NEW YORK-With hip-hop pulsing in its stylishly dim lobby and a bar known more for fashionistas than financiers, W New York - The Court seemed an unusual venue at first for the Institute for International Research-sponsored Synthetic Lease Structures & Credit Tenant Leases conference.
However, in light of the looming Financial Accounting Standards Board (FASB) decisions that one panelist described as having paralyzed the market, speakers and delegates at the event held at the hotel last week were as determined to see and be seen as the SoHo types downstairs.
In it's well-intended crusade against future criminal abuse of off-balance-sheet financings and corporate disclosure practices, the FASB has inadvertently driven a wedge into the leasing community, with the synthetic lease and credit tenant lease (CTL) camps each vehemently defending the historical and ongoing legality and validity of their respective instruments - often at the expense of each other.
The lone gun on the opening synthetic lease market overview panel was Todd Shutley, managing director in the synthetic leasing group at SunTrust Robinson Humphrey.
Shutley, who works with CTLs, sale/leaseback transactions and other forms of leasing in addition to synthetics, was quick to assert - and to reiterate during his presentation - that "synthetics are simply not going away."
While no one denies that both synthetic leases and CTLs will no doubt undergo some degree of respective change as a result of the pending FASB decisions, Shutley, echoing the argument of the entire synthetic arena, maintained that such changes - whatever form they may take - will not fundamentally change the way that market players (as opposed to politicians and the media) view the validity of the structure.
Reacting to what the synthetic camp views as uninformed, overblown and, in some cases, arguably biased scrutiny placed on synthetics by politicians and a news media eager to "out" corporate and accounting malfeasance in the wake of Enron Corp. and WorldCom, Shutley said flatly that far from the shady, ace-in-the-hole stigma that has been applied to them, synthetic leases are "fairly immaterial" to the Fortune 500 companies that use them.
In the last five years, Shutley said, almost every synthetic lease has been counted as debt. "They're not on balance sheet," he continued, "But the lenders know all about it; it's not going to bust the balance sheet."
According to Shutley's figures, synthetic leases have been used by over 2000 companies, and less than 5% have been brought on balance sheet or refinanced to date.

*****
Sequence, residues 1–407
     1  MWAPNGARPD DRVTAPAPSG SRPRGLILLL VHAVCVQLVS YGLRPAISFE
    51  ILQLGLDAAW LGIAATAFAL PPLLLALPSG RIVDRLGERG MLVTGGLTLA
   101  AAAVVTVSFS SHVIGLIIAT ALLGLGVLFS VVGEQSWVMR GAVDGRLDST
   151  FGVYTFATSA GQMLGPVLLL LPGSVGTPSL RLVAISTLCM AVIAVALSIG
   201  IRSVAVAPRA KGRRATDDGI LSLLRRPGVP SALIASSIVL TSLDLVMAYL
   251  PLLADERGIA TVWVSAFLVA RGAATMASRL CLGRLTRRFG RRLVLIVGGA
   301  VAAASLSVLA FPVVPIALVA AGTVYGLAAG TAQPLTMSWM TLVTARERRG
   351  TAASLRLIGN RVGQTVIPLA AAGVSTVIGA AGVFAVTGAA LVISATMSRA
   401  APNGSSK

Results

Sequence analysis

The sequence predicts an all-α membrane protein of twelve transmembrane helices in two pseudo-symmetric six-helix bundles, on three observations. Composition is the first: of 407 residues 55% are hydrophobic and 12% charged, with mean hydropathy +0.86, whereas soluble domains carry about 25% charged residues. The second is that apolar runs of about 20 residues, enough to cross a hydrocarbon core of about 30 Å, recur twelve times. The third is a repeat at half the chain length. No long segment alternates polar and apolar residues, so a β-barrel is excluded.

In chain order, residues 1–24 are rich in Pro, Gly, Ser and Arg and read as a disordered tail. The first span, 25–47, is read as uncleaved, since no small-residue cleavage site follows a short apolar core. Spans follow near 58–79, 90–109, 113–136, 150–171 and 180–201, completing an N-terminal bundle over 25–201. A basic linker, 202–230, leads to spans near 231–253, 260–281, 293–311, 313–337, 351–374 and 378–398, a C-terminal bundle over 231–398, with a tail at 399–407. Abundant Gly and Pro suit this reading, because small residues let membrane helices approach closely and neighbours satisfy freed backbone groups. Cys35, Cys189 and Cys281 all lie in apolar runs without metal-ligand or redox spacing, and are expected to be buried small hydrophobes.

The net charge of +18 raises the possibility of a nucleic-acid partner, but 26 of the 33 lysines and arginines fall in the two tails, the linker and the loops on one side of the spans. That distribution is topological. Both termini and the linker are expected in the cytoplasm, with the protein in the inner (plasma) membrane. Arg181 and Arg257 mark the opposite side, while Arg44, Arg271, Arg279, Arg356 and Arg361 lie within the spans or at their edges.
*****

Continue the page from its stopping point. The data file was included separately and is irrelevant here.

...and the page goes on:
Don't call us Enron
More than one synthetic lease pro noted that far too much attention has been heaped on the refinancing risk involved in the instrument. With a typical tenor of three to ten years, concerns have been raised as to the "shock to investors" that such risk ostensibly poses, particularly in situations where the lessee's credit has deteriorated since the inception of the original lease.
As Shutley pointed out, however, the correlation of asset/liability tenor in this situation is not necessarily a simple one-to-one relationship, particularly when the scope of the typical synthetic lessee's balance sheet is taken into consideration.
As one panelist commented, "It's unlikely that the refi or consolidation of a synthetic is going to bilk grandma out of her pension."
"Enron was a case of fraud," Shutley said. "It involved self-dealing, the hiding of significant money-losing entities and a management that was personally profiting from the situation - perhaps increased jail time would be a better deterrent (than the FASB measures)."
The argument for synthetic leases is fairly simple: when used properly, they often provide the cheapest method of monetizing real estate and other corporate assets, providing significant lease-related tax benefits to the client while maintaining control over the asset and other upsides associated with ownership - all off balance sheet. One area that even the synthetic crowd admits could be a breaking point for the instrument, however, is the residual value guarantee that synthetic leases carry.